Area women listen to diverse topics at annual Diocesan Council of Catholic Women convention

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By Becky Aubut, Anchor Staff

ASSONET, Mass. — Sixty-one years ago women of the Fall River Diocese got together and asked, “What can we do for the Church?” and six decades later, the Fall River Diocesan of Catholic Women are still working hard to answer that question. And though the number of active council members have become smaller than in years past, that hasn’t diminished the faith of the current members as seen during this year’s annual convention held at St. Bernard’s Parish in Assonet.

“Do whatever He tells you,” was this year’s theme, based on what Mary told the servants during the Wedding of Cana, and after the formal meeting that updated members on everything from money raised to acknowledging those who had passed away, the council welcomed its guest speakers.

Father Thomas Washburn, O.F.M., former pastor of St. Margaret’s Parish in Buzzards Bay, opened with the question, “Does anyone here believe in miracles?”

Some might answer quickly and easily, he said, stating they do believe in miracles, while others may be skeptical and only credit miracles happening in the Bible, while others may be open to the possibility but have yet to truly believe.

“We would love to experience a miracle. You might wonder why I’m asking you about miracles today?” said Father Washburn, who then expounded on the convention’s theme, “Do whatever He tells you,” with a retelling of the Wedding of Cana.

By having Jesus turn the water into wine, Jesus was making a bold statement, said Father Washburn. He could have begun His public ministry in a different way, but “He revealed His glory and His disciples began to believe,” said Father Washburn. “It was this bold statement that ushers in the very first miracle of Jesus.”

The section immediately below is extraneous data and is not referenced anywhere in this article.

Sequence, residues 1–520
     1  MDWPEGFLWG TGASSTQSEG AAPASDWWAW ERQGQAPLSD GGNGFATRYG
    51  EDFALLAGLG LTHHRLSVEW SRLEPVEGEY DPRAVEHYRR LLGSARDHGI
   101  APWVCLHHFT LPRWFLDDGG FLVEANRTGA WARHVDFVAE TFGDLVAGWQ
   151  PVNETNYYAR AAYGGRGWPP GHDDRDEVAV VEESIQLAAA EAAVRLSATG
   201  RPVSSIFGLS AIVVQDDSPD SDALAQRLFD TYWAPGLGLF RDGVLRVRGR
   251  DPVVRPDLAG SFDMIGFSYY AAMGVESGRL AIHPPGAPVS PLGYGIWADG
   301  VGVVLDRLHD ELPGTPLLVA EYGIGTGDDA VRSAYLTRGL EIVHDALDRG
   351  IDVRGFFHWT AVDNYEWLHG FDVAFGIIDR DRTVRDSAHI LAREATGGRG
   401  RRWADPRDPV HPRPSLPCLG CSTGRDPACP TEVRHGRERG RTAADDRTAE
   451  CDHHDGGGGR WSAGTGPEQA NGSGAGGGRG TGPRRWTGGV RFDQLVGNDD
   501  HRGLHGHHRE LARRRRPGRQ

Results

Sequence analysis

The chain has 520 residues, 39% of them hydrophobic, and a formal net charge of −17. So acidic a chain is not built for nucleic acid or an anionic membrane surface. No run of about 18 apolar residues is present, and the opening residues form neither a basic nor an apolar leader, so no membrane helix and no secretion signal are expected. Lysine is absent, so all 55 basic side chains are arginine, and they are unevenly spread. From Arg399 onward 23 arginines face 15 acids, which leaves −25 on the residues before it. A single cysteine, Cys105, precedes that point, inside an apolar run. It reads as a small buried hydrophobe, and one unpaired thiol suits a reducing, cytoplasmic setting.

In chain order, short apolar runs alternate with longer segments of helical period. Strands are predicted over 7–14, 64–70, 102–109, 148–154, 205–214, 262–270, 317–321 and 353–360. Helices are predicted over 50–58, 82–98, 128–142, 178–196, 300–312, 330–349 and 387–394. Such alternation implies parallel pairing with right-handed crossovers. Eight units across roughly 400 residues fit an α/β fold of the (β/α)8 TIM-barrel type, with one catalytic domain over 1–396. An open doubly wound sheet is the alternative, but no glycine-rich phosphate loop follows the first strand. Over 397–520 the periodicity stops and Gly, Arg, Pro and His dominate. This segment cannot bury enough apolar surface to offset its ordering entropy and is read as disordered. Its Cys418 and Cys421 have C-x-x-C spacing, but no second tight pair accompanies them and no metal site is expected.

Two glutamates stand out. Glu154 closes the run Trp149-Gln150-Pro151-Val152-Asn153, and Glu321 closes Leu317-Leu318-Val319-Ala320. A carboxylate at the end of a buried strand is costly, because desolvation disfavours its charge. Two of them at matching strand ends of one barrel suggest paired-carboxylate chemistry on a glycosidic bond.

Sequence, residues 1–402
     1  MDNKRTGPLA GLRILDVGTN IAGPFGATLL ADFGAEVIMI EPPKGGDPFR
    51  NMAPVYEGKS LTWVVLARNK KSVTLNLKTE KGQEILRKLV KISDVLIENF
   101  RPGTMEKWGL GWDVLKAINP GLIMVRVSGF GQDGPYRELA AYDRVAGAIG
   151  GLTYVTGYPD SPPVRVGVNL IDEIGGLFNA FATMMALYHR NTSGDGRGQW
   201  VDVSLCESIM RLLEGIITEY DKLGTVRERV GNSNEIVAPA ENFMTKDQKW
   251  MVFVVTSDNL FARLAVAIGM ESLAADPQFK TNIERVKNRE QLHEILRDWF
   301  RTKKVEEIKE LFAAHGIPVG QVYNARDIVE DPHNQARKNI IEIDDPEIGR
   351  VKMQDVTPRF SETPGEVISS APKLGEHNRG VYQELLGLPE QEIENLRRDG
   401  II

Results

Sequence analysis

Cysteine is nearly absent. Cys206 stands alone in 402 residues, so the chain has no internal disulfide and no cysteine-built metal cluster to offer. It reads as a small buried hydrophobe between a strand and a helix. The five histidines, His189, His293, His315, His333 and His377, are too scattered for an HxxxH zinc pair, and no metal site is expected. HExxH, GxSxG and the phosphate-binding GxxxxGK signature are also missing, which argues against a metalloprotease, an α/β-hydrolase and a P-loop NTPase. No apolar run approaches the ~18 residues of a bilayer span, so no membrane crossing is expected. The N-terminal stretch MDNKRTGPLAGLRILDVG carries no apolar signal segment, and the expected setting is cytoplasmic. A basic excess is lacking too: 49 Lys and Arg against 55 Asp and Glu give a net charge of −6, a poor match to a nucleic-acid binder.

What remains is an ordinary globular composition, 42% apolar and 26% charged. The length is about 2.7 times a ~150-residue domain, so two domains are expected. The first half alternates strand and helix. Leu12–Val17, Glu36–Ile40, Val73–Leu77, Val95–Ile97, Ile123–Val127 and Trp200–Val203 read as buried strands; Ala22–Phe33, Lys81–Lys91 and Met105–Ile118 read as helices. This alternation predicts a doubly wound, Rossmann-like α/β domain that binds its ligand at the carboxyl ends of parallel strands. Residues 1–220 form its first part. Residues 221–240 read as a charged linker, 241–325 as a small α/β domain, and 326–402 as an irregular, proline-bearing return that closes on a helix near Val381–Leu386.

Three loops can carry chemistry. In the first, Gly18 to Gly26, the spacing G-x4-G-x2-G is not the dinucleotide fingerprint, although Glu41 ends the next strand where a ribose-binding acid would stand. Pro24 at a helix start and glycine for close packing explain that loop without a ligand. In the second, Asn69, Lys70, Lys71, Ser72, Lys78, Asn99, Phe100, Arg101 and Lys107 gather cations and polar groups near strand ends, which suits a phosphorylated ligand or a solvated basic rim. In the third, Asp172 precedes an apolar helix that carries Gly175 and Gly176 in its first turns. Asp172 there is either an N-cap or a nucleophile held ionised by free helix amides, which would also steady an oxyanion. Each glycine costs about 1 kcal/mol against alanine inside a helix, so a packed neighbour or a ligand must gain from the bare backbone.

Jesus could have begun His holy ministry in myriad of ways, continued Father Washburn, but instead “He begins at Cana. He doesn’t begin with a glorious speech or a ritual moment or grand entrance; He begins with a miracle. He begins with a moment that challenges those around Him and us, that things may not be what they appear. Even the things that seem impossible may become possible. He begins by showing us that the very presence of God can enter powerfully in an ordinary moment of our lives, if we let Him. Jesus didn’t come to merely tell us about God, He came to be the very presence of God.”

It’s a very timely reflection considering the current climate; we live in a world that does not believe in miracles or challenges the belief in miracles, said Father Washburn; everyone wants to believe only in what can be seen, touched, measured or explained. There are some who feel God doesn’t live here anymore, or is distant and far away in our lives.

Father Washburn then did a play-on-words with his audience: “Did you know the fastest growing group in the United States is the ‘nones’? Now let me clarify that for you; I’m not talking about religious Sisters,” he said, eliciting laughter from those listening to his presentation. 

He continued, “Instead, I’m talking about those who have no religious affiliation at all. Today when it comes to religious affiliation in America, those who consider themselves nothing in particular have grown to 20 percent of Americans, or 46 million Americans. That’s a whole lot of people in this country. The ‘nones’ are made up of those who don’t believe anything at all, or those who aren’t sure, or those who don’t care if there’s a God at all. These are folks who like to refer to themselves as spiritual but not religious. We know these people, after all, many of these people are our friends and family.”

But what does this have to do with miracles? It may differ from person-to-person, but it’s really God reaching into our lives and into our world. When we stop seeing God’s presence in our world, it’s that much easier to become a “none.”

Father Washburn began to list things that close us off to God, beginning with extremism that creates a polarization between differing parties, like in politics where there’s no meeting in the middle, it’s all or nothing — and that idea spills into our everyday values; “We approach our lives with an ‘all or nothing’ way, especially with those closest to us. We say things like, ‘I can never do anything right,’” said Father Washburn, adding, “Never?”